As I sit down to write I can imagine the questions my family and friends have for me. In the almost week since I arrived in El Salvador I have been asking myself what I will say, what I will write home about?
It is hillier than I expected. San Salvador has winding streets that twist tightly with cars parked on both sides. The air smells like wood smoke and exhaust. Trash bags, sunglasses, and toothpaste are sold by vendors who stand on the yellow dividing line in the middle of the street. Most of the houses and neighborhoods are gated. It is hot and dry but there are still flowers everywhere.
Cinquera, the Salvadoran community where we will be volunteering and learning a, is about two hours by car from San Salvador. Situated in the the midst of steep semi forested hills, Cinquera was almost completely level by the civil war. When the people began to come back only one wall of the Church remained. It is amazing to walk through this community and imagine that about two decades ago none of this was here.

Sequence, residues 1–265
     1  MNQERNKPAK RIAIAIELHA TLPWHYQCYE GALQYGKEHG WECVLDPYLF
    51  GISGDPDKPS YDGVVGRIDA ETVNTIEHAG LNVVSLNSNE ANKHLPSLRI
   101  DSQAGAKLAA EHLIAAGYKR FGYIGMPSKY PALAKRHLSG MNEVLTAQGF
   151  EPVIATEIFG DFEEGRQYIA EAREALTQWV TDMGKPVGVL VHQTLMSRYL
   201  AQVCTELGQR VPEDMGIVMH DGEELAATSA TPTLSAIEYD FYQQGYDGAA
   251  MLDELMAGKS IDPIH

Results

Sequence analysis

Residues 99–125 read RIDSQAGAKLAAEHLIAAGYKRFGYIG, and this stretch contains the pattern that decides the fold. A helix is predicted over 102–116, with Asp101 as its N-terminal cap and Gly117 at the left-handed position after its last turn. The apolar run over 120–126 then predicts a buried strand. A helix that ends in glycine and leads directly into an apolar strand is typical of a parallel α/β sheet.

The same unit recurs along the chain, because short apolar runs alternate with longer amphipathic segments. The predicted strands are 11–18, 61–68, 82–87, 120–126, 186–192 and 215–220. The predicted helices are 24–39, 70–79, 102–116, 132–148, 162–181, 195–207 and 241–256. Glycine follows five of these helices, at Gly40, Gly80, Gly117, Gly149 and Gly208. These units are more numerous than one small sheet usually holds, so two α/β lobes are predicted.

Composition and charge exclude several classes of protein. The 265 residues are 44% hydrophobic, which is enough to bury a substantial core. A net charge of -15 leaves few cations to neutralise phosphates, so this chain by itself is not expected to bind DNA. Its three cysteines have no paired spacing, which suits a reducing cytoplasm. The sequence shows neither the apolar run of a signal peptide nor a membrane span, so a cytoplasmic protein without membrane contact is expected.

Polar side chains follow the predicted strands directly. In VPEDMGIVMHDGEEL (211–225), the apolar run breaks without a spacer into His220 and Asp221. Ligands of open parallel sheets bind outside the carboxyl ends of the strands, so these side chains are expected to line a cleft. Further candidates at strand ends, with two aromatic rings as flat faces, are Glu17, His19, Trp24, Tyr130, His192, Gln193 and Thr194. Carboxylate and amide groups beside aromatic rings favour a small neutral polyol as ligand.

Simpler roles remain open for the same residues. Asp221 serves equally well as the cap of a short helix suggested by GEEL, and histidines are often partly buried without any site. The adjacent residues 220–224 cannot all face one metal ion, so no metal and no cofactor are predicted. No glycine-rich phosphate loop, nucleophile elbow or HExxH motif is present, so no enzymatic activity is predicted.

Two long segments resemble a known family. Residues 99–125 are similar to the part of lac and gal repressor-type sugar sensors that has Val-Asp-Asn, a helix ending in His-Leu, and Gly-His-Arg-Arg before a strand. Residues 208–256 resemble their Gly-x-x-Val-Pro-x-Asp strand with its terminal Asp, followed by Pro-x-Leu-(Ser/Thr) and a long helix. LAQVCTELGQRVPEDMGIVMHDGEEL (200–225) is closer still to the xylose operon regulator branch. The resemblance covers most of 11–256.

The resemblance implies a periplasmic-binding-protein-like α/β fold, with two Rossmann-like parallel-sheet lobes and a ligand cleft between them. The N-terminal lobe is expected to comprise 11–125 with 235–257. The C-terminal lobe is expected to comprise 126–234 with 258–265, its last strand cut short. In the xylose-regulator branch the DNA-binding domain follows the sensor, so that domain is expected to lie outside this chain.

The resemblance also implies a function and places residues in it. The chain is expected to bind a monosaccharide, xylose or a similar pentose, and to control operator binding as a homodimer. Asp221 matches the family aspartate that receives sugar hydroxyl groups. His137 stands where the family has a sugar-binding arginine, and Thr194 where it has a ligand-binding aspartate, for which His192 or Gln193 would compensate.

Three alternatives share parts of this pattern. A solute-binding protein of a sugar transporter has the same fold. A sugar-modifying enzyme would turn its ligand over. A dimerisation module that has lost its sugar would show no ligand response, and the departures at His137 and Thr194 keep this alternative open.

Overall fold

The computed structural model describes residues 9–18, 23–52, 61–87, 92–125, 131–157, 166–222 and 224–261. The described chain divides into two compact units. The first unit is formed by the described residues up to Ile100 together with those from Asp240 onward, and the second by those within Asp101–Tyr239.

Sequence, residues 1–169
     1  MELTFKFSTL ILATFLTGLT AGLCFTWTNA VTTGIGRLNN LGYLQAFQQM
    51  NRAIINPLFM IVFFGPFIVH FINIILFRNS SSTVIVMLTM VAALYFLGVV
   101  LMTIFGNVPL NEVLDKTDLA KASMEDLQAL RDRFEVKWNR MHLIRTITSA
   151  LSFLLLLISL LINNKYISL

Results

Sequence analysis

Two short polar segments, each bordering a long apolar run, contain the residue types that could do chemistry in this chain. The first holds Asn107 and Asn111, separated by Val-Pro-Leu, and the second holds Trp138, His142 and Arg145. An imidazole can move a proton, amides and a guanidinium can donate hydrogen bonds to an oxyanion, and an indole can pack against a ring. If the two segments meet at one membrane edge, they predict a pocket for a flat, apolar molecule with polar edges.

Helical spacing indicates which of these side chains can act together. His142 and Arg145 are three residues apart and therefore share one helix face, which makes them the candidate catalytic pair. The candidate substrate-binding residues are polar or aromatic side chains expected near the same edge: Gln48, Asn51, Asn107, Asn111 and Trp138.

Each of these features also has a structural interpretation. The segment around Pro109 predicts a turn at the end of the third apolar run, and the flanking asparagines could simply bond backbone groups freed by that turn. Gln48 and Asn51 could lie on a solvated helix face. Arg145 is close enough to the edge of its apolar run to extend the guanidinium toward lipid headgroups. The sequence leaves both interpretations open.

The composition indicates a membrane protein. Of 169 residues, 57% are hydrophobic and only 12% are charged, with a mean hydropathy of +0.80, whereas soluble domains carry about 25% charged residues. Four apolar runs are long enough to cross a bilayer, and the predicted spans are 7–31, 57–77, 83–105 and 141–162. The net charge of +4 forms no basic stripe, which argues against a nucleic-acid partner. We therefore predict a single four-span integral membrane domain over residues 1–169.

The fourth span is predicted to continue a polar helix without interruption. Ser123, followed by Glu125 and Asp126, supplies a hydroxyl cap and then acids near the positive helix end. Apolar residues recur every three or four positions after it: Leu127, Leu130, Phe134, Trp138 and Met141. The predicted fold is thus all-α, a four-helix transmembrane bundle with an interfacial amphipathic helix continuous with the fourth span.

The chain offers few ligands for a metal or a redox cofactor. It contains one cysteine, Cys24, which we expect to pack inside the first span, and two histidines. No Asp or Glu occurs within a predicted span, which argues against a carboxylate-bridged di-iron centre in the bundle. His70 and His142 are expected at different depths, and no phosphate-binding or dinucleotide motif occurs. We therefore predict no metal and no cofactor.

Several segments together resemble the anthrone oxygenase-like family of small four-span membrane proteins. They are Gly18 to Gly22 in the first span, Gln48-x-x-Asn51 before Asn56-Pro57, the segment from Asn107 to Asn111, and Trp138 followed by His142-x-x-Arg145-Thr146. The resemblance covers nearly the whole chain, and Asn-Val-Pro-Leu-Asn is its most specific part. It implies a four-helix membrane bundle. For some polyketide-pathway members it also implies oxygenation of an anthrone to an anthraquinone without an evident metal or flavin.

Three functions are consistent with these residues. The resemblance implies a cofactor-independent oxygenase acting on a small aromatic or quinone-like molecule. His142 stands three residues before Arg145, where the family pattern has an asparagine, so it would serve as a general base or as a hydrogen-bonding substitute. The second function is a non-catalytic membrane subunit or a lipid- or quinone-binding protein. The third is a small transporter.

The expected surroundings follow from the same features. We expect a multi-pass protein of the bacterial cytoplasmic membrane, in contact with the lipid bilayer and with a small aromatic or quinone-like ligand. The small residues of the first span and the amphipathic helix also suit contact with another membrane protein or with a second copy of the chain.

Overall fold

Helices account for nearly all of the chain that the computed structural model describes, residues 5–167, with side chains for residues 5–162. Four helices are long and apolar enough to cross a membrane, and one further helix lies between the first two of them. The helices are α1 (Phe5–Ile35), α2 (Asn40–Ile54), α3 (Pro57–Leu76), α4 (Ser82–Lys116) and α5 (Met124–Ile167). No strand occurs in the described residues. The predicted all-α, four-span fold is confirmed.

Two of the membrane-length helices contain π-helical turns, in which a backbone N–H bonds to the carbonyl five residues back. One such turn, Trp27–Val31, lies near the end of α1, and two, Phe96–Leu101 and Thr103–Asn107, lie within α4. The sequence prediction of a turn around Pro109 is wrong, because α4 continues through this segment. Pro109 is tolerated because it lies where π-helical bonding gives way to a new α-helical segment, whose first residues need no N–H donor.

Yesterday we went down to the river in the heat of the afternoon. Our feet pooled in dust and dead leaves as we approached. Clear and shallow, the water felt like cool silk sliding across our skin as we waded and splashed. As we sat in the dappled shade a farmer started up a gas pump to take water to his crops, the motor buzzing louder than insects. He gave us green mangoes that we peeled with a machete and ate with salt.